Practical work and project work

Important emphasis is given to practical and project work. Practical work is supposed to form an integral part of all classroom activities and should be designed so as to show pupils the connections between practice and theory and between action and knowledge.

Teachers must provide adequate opportunities for independent work and in-depth study of subjects and subject areas, and in theme and project work. Emphasis should be on teaching research and analytical skills and on developing study methods and working habits which equip pupils for independent work and in-depth study, as well as group work. Teachers are expected to work closely with pupils in realizing projects.

It is stated that project work lends itself to both a single subject and an interdisciplinary approach, and can be linked to specific local themes. Teachers are expected to co-operate with each other to ensure that project work has an interdisciplinary character.

Allocation of time

School time must be allocated as appropriate to the various activities, bearing in mind the need for unity, continuity and progression in subjects considered separately and together. At lower secondary level, 20% of periods in each year must be devoted to theme and project work.


Challenges for curriculum development in our time are to find ways of integrating general education and subject syllabuses - to organize knowledge for teaching and learning into meaningful units. The need for interdisciplinarity is obvious if knowledge is to be made really meaningful in a holistic way for the individual pupil.

The Norwegian model of the curriculum for primary, lower secondary and upper secondary education might be identified as a connective curriculum model. The outcome of the curriculum reform is presently being evaluated. Research-based evaluation will give some feedback on the success of operationalizing the curricula for a better quality of learning.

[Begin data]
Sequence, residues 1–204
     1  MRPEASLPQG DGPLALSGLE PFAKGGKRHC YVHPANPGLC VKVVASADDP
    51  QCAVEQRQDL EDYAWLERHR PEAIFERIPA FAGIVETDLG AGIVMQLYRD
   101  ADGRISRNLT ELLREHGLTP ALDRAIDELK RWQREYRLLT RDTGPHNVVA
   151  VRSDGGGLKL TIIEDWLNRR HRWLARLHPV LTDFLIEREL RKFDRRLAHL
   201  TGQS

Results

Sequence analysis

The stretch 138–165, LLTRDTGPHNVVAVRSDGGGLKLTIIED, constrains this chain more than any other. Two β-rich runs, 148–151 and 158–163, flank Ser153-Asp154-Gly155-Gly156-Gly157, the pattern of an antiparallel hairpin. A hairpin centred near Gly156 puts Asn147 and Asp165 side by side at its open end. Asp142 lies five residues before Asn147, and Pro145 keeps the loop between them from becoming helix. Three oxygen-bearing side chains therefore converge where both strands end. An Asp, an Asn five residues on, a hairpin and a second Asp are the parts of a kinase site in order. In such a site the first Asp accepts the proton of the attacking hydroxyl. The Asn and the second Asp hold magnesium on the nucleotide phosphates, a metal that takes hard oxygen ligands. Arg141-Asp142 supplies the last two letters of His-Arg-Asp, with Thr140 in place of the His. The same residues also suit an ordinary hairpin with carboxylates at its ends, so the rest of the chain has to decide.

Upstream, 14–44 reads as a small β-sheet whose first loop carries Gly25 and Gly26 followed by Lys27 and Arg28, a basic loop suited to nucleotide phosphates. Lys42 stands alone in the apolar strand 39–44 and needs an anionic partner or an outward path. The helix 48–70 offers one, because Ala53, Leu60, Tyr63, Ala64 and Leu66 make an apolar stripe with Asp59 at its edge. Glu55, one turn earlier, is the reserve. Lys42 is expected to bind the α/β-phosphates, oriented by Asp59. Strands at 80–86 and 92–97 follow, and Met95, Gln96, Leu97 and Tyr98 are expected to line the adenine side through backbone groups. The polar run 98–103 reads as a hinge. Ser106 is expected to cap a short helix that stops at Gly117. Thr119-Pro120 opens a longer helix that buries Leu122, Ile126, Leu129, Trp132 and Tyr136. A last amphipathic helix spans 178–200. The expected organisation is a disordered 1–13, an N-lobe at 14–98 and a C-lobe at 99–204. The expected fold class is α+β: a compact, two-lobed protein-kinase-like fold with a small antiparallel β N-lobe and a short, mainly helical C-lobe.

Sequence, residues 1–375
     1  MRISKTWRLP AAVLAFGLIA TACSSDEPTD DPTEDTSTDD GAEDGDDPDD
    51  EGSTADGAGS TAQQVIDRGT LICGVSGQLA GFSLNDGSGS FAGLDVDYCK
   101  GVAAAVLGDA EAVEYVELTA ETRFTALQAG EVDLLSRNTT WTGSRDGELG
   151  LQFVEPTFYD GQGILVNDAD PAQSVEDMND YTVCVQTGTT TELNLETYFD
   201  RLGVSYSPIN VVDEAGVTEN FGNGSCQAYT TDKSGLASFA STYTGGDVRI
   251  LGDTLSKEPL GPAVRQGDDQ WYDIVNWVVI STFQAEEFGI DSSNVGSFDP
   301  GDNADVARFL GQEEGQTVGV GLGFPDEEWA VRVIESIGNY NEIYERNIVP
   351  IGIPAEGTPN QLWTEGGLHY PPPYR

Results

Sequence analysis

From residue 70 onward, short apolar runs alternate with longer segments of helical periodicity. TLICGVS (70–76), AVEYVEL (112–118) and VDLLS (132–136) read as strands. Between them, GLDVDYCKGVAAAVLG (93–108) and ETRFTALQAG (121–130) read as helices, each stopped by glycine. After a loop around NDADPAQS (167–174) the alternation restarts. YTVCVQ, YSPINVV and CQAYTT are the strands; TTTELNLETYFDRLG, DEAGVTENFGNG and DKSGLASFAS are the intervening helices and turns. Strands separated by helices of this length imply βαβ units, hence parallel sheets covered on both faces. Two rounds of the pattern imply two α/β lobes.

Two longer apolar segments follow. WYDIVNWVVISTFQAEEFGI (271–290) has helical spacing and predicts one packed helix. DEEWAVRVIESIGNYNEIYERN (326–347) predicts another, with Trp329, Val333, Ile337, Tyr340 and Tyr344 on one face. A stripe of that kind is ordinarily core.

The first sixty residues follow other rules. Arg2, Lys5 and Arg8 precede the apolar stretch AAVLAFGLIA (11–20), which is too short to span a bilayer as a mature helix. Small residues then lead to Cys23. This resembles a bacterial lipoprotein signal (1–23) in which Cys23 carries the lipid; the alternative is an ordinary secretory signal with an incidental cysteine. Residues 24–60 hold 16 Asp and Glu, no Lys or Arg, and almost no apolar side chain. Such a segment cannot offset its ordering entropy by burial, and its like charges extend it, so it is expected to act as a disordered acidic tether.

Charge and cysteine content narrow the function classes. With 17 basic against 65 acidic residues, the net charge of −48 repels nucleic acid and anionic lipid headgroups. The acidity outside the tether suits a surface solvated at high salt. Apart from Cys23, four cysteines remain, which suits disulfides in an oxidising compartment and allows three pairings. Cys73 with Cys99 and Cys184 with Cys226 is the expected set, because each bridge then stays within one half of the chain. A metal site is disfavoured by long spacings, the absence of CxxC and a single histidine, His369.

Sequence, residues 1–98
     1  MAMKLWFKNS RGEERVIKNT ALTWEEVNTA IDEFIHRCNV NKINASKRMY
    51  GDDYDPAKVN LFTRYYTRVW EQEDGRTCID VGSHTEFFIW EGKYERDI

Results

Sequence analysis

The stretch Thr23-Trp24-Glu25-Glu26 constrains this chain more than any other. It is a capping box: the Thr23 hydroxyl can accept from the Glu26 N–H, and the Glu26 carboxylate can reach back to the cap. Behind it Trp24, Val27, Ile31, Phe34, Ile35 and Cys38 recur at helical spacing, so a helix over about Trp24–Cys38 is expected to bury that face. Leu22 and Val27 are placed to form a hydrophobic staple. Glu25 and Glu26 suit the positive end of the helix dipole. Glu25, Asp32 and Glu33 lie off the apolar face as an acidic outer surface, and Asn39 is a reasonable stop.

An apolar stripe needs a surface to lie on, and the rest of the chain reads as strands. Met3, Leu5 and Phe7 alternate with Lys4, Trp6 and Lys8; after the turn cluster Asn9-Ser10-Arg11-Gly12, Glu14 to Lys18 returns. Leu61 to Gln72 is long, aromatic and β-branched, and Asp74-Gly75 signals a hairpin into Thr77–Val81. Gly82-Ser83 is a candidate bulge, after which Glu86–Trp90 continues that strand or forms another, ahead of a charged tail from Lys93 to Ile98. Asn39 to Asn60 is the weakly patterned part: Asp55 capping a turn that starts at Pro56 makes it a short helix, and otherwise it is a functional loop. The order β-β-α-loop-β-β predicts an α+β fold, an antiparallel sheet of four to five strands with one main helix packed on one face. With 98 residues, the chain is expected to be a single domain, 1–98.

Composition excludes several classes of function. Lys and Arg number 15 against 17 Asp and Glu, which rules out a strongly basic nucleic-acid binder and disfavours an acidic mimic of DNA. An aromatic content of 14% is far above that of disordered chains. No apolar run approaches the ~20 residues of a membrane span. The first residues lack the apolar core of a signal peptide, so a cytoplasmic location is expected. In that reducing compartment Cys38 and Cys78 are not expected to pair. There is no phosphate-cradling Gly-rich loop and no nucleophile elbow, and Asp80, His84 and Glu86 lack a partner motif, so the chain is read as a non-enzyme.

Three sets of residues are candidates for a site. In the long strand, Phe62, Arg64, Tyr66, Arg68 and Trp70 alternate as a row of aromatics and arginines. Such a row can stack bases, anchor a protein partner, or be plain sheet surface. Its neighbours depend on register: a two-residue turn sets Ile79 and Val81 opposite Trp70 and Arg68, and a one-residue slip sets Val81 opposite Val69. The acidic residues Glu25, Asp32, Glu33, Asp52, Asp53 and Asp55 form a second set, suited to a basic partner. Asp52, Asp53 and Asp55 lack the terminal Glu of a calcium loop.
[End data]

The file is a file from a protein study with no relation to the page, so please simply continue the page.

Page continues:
The former Minister of Education in Norway, Mr Gudmund Hernes, stated that the main message of the curriculum reform can be summed up like this: The most important of all pedagogical tasks is to communicate to children and young people that they are developing continuously in such a way that they can have confidence in their own abilities. This may be seen as our common curriculum challenge for the next century as well.


Elliott, J. 1998. The curriculum experiment: meeting the challenge of social change. Milton Keynes, UK, Open University Press.

Hlebowitsh, P.S. 1993. Radical curriculum theory reconsidered. a historical approach. New York, Teachers College Press, Columbia University.

Royal Norwegian Ministry of Education, Research and Church Affairs. 1993. Core curriculum for primary, secondary and adult education in Norway. Oslo.

Royal Norwegian Ministry of Education, Research and Church Affairs. 1997. Principles and guidelines for basic school education. Oslo.

Royal Norwegian Ministry of Education, Research and Church Affairs. 1997. Curriculum for the 10-year compulsory school in Norway. Oslo.

Universitetet i Oslo. Institutt for lrutdanning og skoleutvikling, 1998. IEA Civic Education Study, Report no 1. Oslo, University of Oslo.

Universitetet i Oslo. OECD-PISA Programme for International Student Assessment. Internet:

Young, M.F.D. (1998). Curriculum of the future: from the ‘new sociology of education’ to a critical theory of learning. Basingstoke, UK, Falmer Press.